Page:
Thursday, December 22, 2011

A Birthday Brother

Moses turned 6 (SIX!!!) a few days ago, which, of course, meant that I had to make a big brother dinosaur for him. I wasn't sure if he was too old for mommy-made toys, and almost decided not to make this guy. But, a few days before the big day he looked up at me and said hopefully "Mom, are you making me something for my birthday?" Geez, twist my arm. :) So, as I was frantically sewing dinosaur eyes around midnight, I asked my husband if he thought Moses would like the dinosaur. It was a rhetorical question. Maybe I should start saying that before I ask those types of questions. Anyways, this is the first answer I got: "I don't think I was still playing with stuffed animals when I was six." Hm. This is the second answer I got: "I mean, actually... six? Oh, yeah, SIX. Yeah, I think I had stuffed animals when I was six. Yes. Yes, I definitely had stuffed animals on my bed when I was six. He'll love it."

So, it was with some trepidation that I handed this guy over to Moses to be unwrapped the next morning. As with Titus' dinosaur, I had braced myself for a polite smile from the birthday boy as he shunted past my painstakingly handmade gift in favor of the new legos. BUT, he opened his dinosaur, screamed "I LOVE IT!!!" and forgot that he had another gift. Success! He and Titus got a big kick out of having matching dinosaurs, and that night Moses wrapped his dinosaur up in a blanket and laid it on the pillow next to him. I'm so glad I stayed up late making that guy. If you want to make one you can find the pattern and LOTS of other cute patterns here. Happy Birthday Mose, we love you!!!

Friday, December 16, 2011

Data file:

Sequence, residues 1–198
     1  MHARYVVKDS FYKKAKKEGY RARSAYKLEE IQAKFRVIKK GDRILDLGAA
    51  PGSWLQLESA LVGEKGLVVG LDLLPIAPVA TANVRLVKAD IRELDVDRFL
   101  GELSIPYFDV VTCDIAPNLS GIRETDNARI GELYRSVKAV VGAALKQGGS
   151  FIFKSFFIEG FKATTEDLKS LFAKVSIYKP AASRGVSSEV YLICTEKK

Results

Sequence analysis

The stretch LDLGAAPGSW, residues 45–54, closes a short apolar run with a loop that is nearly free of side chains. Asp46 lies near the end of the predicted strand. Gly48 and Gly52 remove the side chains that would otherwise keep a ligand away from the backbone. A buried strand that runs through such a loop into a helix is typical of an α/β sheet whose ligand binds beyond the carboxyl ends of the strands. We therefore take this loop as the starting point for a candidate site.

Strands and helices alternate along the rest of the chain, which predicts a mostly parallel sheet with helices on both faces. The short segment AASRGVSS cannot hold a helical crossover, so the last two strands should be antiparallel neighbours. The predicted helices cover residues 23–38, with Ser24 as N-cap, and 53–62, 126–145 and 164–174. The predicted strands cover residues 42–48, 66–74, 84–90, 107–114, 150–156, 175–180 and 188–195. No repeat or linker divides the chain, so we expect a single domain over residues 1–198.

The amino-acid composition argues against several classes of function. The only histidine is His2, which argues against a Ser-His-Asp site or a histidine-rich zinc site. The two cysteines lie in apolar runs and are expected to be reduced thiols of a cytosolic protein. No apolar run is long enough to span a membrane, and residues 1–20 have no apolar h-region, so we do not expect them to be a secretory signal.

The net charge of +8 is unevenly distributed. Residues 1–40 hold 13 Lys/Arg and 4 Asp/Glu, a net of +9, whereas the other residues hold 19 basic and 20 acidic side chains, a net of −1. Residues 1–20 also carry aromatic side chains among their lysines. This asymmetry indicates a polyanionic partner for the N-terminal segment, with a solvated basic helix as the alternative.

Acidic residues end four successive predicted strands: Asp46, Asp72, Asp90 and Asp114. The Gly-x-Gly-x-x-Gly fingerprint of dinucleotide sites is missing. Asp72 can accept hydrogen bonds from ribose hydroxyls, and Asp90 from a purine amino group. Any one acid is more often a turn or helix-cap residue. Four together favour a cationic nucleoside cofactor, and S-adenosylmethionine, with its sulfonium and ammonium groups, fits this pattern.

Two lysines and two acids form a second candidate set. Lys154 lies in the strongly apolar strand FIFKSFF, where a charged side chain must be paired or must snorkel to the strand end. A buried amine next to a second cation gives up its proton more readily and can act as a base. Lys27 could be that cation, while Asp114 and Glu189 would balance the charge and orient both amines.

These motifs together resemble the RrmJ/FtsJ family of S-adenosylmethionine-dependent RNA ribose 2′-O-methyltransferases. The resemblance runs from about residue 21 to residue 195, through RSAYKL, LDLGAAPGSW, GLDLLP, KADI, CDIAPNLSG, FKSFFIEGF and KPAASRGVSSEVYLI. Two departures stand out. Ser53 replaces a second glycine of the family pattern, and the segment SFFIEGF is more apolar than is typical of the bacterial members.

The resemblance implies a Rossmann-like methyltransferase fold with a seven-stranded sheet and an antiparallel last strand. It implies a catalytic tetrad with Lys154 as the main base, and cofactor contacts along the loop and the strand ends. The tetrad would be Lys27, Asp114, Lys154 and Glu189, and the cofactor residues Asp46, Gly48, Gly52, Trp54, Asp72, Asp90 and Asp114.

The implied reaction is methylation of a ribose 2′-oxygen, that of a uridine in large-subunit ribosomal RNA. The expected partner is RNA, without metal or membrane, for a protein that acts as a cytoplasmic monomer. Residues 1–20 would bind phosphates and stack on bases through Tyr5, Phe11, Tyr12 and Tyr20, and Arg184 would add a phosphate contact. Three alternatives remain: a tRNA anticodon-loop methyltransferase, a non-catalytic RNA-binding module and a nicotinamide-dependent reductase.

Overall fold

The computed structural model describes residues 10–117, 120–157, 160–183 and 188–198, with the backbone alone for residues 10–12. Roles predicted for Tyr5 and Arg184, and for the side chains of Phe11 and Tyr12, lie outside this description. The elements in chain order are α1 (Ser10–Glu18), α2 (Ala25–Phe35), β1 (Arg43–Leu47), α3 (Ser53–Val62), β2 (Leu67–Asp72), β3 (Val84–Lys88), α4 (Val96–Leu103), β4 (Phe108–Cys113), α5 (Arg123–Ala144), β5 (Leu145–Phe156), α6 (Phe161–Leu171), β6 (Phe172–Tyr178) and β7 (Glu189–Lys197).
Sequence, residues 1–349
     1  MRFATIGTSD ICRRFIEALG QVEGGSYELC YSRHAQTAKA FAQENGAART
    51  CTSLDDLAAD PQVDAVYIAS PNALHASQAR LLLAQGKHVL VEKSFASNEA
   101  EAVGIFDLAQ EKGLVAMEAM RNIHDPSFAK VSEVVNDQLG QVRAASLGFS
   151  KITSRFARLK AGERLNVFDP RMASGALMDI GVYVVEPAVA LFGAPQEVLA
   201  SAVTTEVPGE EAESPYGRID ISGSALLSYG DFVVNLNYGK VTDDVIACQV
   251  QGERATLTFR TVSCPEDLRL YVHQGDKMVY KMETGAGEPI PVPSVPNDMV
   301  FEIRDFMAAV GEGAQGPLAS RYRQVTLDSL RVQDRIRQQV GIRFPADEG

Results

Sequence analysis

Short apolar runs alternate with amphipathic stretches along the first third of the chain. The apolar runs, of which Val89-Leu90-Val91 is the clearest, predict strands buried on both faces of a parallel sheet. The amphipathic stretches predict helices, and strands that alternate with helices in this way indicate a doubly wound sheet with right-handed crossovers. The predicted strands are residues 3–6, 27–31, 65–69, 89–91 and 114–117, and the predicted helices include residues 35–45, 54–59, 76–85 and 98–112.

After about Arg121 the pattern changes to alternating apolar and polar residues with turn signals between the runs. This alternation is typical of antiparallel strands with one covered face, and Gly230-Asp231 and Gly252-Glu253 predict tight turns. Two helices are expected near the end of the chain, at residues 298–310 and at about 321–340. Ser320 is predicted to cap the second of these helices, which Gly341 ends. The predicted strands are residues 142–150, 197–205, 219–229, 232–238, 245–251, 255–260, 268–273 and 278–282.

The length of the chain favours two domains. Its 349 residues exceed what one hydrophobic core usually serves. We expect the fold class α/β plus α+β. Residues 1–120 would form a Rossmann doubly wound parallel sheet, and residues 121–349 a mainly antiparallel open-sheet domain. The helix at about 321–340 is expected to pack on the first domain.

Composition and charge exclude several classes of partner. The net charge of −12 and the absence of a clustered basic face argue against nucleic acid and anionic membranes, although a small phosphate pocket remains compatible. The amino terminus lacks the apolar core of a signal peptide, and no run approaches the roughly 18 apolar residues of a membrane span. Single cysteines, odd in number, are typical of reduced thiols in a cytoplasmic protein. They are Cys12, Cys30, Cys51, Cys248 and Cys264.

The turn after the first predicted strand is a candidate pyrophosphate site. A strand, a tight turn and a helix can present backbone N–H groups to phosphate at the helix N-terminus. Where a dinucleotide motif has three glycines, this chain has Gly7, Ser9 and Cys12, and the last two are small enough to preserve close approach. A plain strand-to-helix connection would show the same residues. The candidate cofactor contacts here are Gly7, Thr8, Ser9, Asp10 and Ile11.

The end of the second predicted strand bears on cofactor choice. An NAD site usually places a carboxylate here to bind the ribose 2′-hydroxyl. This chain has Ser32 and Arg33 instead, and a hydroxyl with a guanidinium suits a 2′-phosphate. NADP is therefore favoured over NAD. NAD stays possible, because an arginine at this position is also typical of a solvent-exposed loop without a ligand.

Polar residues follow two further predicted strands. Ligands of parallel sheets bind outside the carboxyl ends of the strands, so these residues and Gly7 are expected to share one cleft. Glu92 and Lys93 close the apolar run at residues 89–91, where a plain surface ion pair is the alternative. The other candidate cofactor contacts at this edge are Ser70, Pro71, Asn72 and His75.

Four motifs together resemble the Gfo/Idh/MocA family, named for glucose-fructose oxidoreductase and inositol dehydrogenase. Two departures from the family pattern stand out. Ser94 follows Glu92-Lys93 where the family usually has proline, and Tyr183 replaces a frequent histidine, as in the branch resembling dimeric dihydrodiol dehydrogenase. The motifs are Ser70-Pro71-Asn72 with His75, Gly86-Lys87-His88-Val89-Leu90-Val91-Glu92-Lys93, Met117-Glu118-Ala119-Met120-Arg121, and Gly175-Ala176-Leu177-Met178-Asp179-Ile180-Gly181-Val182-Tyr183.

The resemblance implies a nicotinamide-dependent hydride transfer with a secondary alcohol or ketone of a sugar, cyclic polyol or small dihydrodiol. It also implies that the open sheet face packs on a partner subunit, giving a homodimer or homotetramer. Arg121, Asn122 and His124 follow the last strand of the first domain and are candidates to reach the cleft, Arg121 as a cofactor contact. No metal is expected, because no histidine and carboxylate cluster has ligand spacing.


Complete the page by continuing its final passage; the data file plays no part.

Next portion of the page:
"I didn't like frowing up in mine bed."

Neither did I, Titus. Neither did I. I've resisted the urge to post a picture of the piles of used kleenex, laundry, dirty dishes, and empty Tylenol bottles, and opted for a picture of what we will look like again soon. In the mean time, I am trying to reclaim the week before Christmas and day before my son's birthday party with some modicum of grace. I'm at that irritating phase of recovery where my body tells me I need to eat something but my stomach says "that was a bad idea." The little guys are running around happily again, though, which does my heart good. I have so many Christmas gifts left to make that it is stressing me out - I have to keep telling myself that I could actually BUY something if I run out of time. Perish the thought! I mean, it would be a crime for this huge pile of Altoid tins to go unpainted... Blessed Brett has picked up as much slack as he has time to and made teacher gifts with Moses last night. Such a sweet man - I would kiss him if I wasn't worried about making him sick (hmm... I wonder when he'll turn up with this bug?) Anyhow, it is good to be back in action, even if it is only at 70%.